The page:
# early kill
Analysis: The incredible ruck-to-try ratio from the World Cup quarter-finals
Performance analyst Eoin Toolan examines the try-scoring trends from last weekend’s action.

THERE IS A strong sense that attacking rugby has come to the fore at the World Cup in Japan and that a shift has been made away from stifling defences having had the upper hand in rugby in recent years. 

As the World Cup enters its penultimate weekend, 269 tries have already been scored, which is only one try short of the total for the 2015 edition.

I thought it would be worth analysing the tries from last weekend’s quarter-finals and attempt to correlate the data to successful team attack.

Is there one specific weakness in modern-day defences that attacks have started to exploit? The findings are telling.

Source of possession

First, let’s take a look at where teams are building their try-scoring attacks from.

Below is a table that displays the origin of possession for the 22 tries scored last weekend.


Lineout attack, which is consistently viewed as the primary source of possession for tries scored in rugby, was the equal-highest starting point in the four quarter-finals.

Indeed, of all tries scored in the competition to date, 46% have originated from lineouts.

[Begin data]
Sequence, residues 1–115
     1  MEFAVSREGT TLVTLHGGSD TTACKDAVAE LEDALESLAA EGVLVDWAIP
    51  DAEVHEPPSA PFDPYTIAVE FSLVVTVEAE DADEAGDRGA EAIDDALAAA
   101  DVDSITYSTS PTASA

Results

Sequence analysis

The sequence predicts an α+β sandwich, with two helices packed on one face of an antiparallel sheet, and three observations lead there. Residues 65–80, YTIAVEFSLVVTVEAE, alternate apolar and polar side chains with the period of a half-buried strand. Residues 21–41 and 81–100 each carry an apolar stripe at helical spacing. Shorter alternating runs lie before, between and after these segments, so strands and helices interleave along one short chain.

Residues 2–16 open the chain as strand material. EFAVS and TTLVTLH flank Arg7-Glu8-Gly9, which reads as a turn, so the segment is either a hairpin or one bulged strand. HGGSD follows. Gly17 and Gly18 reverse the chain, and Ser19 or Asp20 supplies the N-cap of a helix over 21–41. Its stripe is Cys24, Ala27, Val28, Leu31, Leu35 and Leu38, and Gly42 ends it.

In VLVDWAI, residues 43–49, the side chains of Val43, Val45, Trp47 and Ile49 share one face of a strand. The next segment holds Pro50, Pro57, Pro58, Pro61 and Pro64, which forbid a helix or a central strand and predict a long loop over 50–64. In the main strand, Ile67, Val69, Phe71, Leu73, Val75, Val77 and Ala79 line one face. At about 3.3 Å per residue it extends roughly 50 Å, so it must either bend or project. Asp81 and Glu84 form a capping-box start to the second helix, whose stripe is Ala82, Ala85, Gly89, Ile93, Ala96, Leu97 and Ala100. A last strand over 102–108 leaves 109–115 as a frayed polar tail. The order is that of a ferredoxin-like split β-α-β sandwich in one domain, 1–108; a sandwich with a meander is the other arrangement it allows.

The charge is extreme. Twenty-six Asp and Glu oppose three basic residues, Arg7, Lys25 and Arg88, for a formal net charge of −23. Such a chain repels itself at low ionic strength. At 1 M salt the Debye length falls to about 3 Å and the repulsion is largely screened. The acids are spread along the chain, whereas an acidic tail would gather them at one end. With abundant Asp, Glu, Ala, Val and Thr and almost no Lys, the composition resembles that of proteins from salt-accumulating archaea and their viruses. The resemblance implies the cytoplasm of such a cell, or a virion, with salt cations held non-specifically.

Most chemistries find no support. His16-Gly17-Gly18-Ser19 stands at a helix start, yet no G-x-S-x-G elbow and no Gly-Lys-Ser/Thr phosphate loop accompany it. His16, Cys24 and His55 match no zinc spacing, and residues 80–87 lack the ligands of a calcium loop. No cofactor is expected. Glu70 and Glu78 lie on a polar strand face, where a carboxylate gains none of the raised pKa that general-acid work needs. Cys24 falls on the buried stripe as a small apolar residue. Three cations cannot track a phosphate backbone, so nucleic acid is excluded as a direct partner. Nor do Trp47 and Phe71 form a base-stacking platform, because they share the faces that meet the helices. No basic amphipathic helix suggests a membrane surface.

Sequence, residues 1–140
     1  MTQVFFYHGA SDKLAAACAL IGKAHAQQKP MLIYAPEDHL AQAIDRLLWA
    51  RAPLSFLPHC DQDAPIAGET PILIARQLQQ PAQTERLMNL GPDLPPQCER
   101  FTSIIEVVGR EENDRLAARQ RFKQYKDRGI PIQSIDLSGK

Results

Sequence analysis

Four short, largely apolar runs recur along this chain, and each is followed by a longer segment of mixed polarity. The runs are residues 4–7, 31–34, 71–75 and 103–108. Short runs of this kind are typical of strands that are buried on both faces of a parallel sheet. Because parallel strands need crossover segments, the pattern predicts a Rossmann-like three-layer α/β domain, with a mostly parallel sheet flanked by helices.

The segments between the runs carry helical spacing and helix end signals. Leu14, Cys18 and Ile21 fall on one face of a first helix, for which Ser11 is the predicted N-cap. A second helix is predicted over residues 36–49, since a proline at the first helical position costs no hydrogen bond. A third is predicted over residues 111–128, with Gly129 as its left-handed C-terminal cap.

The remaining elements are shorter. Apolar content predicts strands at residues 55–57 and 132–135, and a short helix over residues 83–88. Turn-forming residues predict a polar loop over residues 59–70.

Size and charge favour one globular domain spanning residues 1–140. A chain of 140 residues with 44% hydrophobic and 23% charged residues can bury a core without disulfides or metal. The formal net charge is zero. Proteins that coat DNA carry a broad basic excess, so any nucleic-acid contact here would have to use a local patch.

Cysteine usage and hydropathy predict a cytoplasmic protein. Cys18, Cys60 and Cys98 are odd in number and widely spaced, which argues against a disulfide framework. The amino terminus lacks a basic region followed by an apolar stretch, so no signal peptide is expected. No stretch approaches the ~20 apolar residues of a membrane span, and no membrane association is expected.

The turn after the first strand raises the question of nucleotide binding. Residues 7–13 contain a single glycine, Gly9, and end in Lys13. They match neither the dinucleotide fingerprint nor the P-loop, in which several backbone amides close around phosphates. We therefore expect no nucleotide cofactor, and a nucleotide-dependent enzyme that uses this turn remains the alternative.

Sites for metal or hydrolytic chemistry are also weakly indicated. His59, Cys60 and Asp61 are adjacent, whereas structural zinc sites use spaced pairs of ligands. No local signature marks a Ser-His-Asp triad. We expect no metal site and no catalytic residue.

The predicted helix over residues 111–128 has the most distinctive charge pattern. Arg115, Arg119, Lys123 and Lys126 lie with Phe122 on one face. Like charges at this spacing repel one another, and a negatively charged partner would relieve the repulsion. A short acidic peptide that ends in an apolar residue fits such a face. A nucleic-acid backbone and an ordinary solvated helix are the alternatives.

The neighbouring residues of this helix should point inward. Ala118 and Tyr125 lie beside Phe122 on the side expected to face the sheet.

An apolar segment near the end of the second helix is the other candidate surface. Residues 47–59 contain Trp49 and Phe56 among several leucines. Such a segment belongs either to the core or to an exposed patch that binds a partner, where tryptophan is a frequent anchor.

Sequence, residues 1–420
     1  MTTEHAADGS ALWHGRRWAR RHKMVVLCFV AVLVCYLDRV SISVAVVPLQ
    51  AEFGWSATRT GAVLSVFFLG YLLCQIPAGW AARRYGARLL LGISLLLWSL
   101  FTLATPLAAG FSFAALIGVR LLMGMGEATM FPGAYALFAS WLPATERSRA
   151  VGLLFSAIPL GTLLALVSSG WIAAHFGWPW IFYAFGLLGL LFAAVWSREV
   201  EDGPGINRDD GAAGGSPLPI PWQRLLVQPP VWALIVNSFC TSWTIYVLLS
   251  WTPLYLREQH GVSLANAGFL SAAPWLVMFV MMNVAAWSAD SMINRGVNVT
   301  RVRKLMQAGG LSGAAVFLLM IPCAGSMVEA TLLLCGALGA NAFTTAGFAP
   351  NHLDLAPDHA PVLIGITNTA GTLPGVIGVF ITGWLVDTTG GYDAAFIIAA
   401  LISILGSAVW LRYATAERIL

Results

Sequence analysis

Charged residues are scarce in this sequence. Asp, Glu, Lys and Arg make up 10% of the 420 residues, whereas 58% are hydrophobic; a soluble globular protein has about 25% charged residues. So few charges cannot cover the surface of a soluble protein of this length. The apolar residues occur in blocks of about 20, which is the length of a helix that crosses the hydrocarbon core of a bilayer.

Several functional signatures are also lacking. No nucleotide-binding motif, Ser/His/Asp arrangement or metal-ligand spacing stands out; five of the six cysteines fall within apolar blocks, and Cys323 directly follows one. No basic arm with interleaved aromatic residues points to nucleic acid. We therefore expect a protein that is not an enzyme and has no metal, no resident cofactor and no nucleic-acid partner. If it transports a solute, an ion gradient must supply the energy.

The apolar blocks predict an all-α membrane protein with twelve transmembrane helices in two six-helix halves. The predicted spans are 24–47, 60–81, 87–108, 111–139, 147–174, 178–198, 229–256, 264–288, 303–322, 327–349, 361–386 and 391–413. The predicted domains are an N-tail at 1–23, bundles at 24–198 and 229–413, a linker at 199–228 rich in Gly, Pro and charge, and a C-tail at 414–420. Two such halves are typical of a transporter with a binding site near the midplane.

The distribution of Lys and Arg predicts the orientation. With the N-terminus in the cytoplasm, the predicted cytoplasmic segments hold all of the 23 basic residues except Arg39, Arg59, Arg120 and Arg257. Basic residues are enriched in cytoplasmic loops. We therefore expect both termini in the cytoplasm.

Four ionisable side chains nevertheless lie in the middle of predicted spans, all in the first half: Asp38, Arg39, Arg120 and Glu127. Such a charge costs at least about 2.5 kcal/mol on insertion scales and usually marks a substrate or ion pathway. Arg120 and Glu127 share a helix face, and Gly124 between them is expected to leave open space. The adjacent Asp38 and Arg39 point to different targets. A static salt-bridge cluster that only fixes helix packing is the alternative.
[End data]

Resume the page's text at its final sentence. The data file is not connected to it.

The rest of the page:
To put this statistic into context, the next highest source of tries overall in the tournament is the scrum at 16%.

Turnover attack also accounted for eight tries last weekend, with five teams scoring tries off opposition errors, whilst it is the fourth-highest source of possession for overall tries scored in the competition at 13%. 

Scrum attack was the third highest with five last weekend. 

Kick return completes the table from last weekend, with Australia’s only try in the quarter-final starting from an England kick. This possession source has supplied 14% of overall tournament tries. 

Phase Count

While source of possession is most definitely a tellingly statistic, deeper analysis of the data is required to provide proper insight.

The number of phases it takes a team to score a try is a good barometer of whether the source of possession actually has a meaningful influence on the outcome itself.

japan-rugby-wcup-new-zealand-ireland Mark Baker Beauden Barrett scored on first phase from a turnover against Ireland. Mark Baker

For example, if a try is scored off the initial one-to-three phases from a scrum, then this is generally a result of a pre-planned launch, such as a Joe Schmidt power play, and so the source of possession is definitely a relevant component.

However, if the phase count moves beyond four phases, then typically the attacking team is into multi-phase attack and, therefore, where the possession started is of less significance.

If this logic is applied to last weekend’s matches, then of the eight lineouts involved, only three would be considered influential in the lead-up to the try.